“When this project started back in 2003, I was not on board yet, but the other infectious disease people who were part of it were trying to upgrade microbiology services in Guyana to support the clinical needs for sexually transmitted infections (STI) and TB,” said Dr. Ramotar. “They were having some problems and one of them contacted me and I was asked to go there to see if I could help.”
Dr. Ramotar's main function is to ensure that microbiology services for STI diagnostics and TB are established and kept in place. He has been back nine times in the last two years. He usually stays for one week. The last time he was there (in February) he visited three lab sites to ensure that the TB control work was operating properly. In addition he made two side trips to assess services in the interior of the country.
“We do lectures in the labs and in the universities as well as skills upgrading and bench training,” said Dr. Ramotar.
It is hard for most Canadians to think of TB as a major health concern, but in fact this curable disease kills two million people per year.
“The reason TB is still a problem is because there has been a breakdown in the primary health care system that have been picking these problems up,” said Ms. Hatcher Roberts.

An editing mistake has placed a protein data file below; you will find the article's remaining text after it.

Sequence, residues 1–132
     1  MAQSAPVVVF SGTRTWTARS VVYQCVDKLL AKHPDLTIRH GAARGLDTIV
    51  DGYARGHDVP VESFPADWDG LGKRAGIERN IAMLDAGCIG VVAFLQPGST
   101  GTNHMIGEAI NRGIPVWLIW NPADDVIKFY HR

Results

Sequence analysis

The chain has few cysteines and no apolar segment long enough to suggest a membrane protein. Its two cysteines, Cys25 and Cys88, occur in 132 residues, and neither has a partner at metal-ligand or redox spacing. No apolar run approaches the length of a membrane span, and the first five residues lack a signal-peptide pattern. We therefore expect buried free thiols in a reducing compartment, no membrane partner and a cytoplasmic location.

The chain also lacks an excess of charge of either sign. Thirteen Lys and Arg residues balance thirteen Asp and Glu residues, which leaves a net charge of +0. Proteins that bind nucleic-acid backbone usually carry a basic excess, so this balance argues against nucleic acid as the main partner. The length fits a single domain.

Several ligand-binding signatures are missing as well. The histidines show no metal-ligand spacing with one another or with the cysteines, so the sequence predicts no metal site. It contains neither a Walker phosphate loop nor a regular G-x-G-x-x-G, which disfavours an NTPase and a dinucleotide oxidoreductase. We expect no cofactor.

“I remember when we first started the project going to the chest clinic and this man had clearly gotten up early in the morning and walked a long way in the heat and climbed about 30 very steep steps up to this rickety old building at about 10:05 in the morning, only to be told he has to come back the next morning because the laboratory cannot deal with any samples after 10 a.m. The reason: there is only one lab technician. There was no other chest clinic in the country. One of the things we did was build that up so there would be more than one technician,” said Ms. Hatcher Roberts.
“It is estimated that about 14 per cent of the population is infected with TB,” said Ms. Benedict. There are about 2,900 active cases.
It is difficult to know exactly how many people die of TB each year in Guyana. The reporting methodology is vague and not computerized.
The four-year CSIH program ends in June 2007.
What happens after CSIH leaves?
“They will be able to carry on,” said Ms. Hatcher Roberts. “They will have a national program. They have people trained. What they will have to rely on is the Government of Guyana’s commitment to allocate resources to that issue,” she said.
CSIH has trained more than 800 new health care professionals in the treatment of HIV/AIDS, TB, and STIs.
“What we have done by integrating the TB program within a public health system strengthening approach is the way we have to go globally. We just can’t come in and say: ‘We’re going to do TB.’ This integrative approach is essential. And this is where now some of the other donors are realizing that they have been a bit deficient. So clearly CIDA was quite visionary in their approach and Canadians have brought that approach to this project,” said Ms. Hatcher Roberts.
Dr. Ramotar is pleased he became involved with the project and credits the CSIH for its efforts.
“They (CSIH) have made a lot of strides and made a lot of the goals they had set out. It is quite admirable that they have been able to do that. I think if programs like this can continue to be funded they can go a long way to improving the health care system. It’s just getting that initial push,” he said.